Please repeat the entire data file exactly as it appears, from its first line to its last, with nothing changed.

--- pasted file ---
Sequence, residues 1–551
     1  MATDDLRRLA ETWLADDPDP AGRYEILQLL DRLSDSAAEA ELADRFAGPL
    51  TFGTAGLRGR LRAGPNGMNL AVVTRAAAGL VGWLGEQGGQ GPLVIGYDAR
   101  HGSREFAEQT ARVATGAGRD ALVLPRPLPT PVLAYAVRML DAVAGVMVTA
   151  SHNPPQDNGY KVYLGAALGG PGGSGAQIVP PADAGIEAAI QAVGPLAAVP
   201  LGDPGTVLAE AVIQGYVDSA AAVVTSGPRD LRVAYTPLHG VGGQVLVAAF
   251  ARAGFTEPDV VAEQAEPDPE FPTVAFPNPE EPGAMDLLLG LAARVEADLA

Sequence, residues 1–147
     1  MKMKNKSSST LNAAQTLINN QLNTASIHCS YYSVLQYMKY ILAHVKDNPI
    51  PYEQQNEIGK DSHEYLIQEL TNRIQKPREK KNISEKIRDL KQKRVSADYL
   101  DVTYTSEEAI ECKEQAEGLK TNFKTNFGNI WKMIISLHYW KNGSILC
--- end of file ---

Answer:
Sequence, residues 1–551
     1  MATDDLRRLA ETWLADDPDP AGRYEILQLL DRLSDSAAEA ELADRFAGPL
    51  TFGTAGLRGR LRAGPNGMNL AVVTRAAAGL VGWLGEQGGQ GPLVIGYDAR
   101  HGSREFAEQT ARVATGAGRD ALVLPRPLPT PVLAYAVRML DAVAGVMVTA
   151  SHNPPQDNGY KVYLGAALGG PGGSGAQIVP PADAGIEAAI QAVGPLAAVP
   201  LGDPGTVLAE AVIQGYVDSA AAVVTSGPRD LRVAYTPLHG VGGQVLVAAF
   251  ARAGFTEPDV VAEQAEPDPE FPTVAFPNPE EPGAMDLLLG LAARVEADLA

Sequence, residues 1–147
     1  MKMKNKSSST LNAAQTLINN QLNTASIHCS YYSVLQYMKY ILAHVKDNPI
    51  PYEQQNEIGK DSHEYLIQEL TNRIQKPREK KNISEKIRDL KQKRVSADYL
   101  DVTYTSEEAI ECKEQAEGLK TNFKTNFGNI WKMIISLHYW KNGSILC